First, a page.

Ninth Circuit Sharply Circumscribes Cell-Phone Searches in Light of Riley

We here at White Collar Alert get excited by Riley v. California.  We’ve previously written about it here, here, and here.  And with good reason—smartphones have become a central part of most of our daily lives, and contain some of our most sensitive personal information.  Well, we’re back with Riley news out of the Ninth Circuit, where last week the court reaffirmed the digital-privacy rights of smartphone users by suppressing evidence illegally obtained from a criminal defendant’s cell phone.

As we’ve noted before, the Supreme Court has observed that cell phones are so important to many of us that a “proverbial visitor from Mars might conclude they were an important feature of human anatomy,” which “place vast quantities of personal information literally in the hands of individuals.”  That’s why police ordinarily must have a warrant to search a phone, even incident to an arrest.

But what happens when you’re on probation?  That was the question resolved yesterday in United States v. Lara.  As is quite often the case when a defendant is placed on probation, Lara agreed to certain conditions in order to secure his release from jail to probation.  One of those things was a blanket “Fourth Amendment Waiver,” which permitted the government to search his “person and property, including any residence, premises, container or vehicle under [his] control” at any time. Lara, ___ F.3d ___, No 14-50120, slip op. at 4 (9th Cir. Mar 3, 2016).  When the police came knocking at Lara’s door to conduct a “probation search,” one of the officers found Lara’s cell phone in the living room and searched it. Id. at 5.  Lo and behold, Lara was trying to sell an acquaintance a gun, and had sent him pictures of guns using the smartphone. Id.

Armed with the photographs, the police were able to use GPS data to determine the pictures were taken at Lara’s mother’s house – somewhere the police would have had absolutely no reason to look – and found a gun there that belonged to Lara.  It’s illegal under federal law for a felon to possess a gun (though Justice Thomas suggested at argument in Voisine v. United States last week he thinks otherwise about misdemeanors), and so Lara, a felon, was charged with a federal firearms offense.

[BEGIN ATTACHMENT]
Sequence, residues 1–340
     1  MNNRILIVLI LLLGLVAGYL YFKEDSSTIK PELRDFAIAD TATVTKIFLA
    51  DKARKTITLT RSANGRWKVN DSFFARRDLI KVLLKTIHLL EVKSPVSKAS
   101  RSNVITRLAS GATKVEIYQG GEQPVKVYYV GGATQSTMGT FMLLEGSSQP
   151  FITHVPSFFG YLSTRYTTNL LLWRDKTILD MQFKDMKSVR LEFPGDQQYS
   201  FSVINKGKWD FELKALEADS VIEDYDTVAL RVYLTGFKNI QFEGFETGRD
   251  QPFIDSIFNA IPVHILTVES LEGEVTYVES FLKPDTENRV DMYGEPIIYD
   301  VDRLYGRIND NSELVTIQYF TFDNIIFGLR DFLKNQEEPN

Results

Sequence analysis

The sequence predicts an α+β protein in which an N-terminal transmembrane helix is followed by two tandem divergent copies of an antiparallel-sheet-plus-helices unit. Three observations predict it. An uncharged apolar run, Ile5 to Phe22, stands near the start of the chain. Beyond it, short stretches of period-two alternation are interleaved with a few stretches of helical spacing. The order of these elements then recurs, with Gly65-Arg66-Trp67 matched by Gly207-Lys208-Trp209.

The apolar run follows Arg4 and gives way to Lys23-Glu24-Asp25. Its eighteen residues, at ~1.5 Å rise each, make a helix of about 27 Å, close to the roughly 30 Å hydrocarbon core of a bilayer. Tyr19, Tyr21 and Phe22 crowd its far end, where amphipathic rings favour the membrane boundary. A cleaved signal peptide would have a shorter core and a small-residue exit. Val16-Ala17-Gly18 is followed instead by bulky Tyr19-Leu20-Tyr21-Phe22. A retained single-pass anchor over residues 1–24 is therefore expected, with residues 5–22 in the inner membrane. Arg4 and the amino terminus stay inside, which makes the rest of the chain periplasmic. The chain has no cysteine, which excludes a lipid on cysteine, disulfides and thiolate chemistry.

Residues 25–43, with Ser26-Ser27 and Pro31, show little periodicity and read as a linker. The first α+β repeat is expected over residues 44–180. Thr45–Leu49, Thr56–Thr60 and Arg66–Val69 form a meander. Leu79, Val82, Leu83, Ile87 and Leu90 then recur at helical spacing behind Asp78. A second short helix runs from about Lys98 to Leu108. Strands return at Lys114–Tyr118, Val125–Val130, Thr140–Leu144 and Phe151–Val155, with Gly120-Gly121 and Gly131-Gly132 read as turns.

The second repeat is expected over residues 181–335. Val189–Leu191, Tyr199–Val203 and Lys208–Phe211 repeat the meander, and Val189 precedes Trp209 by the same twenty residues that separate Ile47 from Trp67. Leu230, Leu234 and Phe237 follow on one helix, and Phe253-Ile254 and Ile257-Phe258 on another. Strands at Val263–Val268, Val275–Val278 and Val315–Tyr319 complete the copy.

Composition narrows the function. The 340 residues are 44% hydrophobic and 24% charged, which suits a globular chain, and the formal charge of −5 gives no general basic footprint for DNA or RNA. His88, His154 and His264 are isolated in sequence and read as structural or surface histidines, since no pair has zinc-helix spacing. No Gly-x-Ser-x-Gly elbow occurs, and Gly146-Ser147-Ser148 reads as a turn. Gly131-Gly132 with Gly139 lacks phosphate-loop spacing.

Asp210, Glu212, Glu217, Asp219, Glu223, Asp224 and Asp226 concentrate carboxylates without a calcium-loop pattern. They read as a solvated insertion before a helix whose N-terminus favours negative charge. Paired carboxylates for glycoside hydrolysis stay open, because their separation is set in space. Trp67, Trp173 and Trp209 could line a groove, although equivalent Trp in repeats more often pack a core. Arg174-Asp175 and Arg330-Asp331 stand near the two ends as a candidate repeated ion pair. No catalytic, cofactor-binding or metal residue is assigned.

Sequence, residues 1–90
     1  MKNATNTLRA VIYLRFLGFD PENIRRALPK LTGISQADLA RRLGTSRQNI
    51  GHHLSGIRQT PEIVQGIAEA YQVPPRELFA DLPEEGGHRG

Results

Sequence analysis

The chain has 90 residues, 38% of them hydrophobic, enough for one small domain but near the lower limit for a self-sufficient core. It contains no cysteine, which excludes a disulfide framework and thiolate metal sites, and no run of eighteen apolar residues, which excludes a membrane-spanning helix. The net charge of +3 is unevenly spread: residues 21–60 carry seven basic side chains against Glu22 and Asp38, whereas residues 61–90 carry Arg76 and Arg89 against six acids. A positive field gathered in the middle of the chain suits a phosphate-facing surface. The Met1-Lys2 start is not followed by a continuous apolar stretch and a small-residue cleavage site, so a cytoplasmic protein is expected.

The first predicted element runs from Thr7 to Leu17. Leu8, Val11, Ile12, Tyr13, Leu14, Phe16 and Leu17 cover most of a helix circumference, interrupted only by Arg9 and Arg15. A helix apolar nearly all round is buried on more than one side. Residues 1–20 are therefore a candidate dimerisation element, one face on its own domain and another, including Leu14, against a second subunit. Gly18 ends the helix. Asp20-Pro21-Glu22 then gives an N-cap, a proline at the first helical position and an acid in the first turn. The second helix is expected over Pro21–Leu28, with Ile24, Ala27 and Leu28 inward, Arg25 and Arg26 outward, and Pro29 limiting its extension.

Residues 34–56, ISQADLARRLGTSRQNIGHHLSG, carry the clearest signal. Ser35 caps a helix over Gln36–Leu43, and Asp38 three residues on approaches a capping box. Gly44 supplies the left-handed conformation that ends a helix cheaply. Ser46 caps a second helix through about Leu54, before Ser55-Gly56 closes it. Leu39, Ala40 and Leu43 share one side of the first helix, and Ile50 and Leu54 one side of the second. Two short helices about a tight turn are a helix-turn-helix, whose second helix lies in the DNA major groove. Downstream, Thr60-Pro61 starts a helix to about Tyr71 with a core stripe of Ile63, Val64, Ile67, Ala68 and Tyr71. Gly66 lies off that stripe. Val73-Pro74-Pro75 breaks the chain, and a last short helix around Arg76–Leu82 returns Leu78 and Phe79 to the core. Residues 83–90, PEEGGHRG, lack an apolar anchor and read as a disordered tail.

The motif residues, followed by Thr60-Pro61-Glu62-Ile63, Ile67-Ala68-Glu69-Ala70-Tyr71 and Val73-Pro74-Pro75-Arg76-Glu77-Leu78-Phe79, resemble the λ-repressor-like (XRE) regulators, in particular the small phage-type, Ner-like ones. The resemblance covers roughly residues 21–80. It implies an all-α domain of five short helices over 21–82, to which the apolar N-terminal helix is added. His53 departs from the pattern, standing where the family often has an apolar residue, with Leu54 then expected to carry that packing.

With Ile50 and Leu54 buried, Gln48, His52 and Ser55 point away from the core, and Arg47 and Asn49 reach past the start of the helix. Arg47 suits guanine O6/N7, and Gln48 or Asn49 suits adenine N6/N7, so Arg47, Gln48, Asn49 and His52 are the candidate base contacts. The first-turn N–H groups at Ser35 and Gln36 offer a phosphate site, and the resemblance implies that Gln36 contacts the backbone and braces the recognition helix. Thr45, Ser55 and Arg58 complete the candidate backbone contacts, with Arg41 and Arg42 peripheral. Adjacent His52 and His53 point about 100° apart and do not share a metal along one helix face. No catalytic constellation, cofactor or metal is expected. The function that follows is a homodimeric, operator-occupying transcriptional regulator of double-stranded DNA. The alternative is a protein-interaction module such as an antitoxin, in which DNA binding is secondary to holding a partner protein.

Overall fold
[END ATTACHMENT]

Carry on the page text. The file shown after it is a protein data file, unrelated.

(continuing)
Before trial (and before Riley), the district court denied Lara’s suppression motion, and he appealed.

The Ninth Circuit, with the benefit of the intervening Riley decision, reversed.  While it noted that Lara’s acceptance of the waiver bore on the reasonableness of the search, it held that searching Lara’s phone was unreasonable, since his privacy interests outweighed the government’s interest in combatting recidivism and integrating probationers back into their communities. Lara, ___ F.3d. ___, No 14-50120, slip op. at 14-15.  While Lara’s probationary status diminished his privacy interest, it did not extinguish or waive it.  Of particular interest, the court held that the “waiver” was no waiver at all because it was equivocal and unclear.  Looking to Riley, the court observed that it made “no sense to call a cell phone a ‘container,’” and that a phone is not the kind of “property” meant to be encompassed by the waiver, when read in conjunction with the other types of things that waiver included. Id. at 11-12.  It also rejected the government’s suggestion (as “almost fanciful”) that Lara’s decision to Anglicize his name (from “Paolo” to “Peter”) on his phone bill somehow diminished his privacy interest.  Under the exclusionary rule, Lara’s case goes back to the district court, where the government will be unable to present the fruits of its illegal search.

And so, go out into the light and breathe, and text, freely.  Riley’s advance continues to sweep the nation’s courts, and data-privacy supporters have scored another significant legal victory.

Don’t Text with an Informant and iPads are Not Phones

While Dora the Explorer’s cousin, Diego, may proudly proclaim that “helping out each other is good for everyone,” apparently defendant Curtis Diego’s “friend,” Gary Still, had no such interest.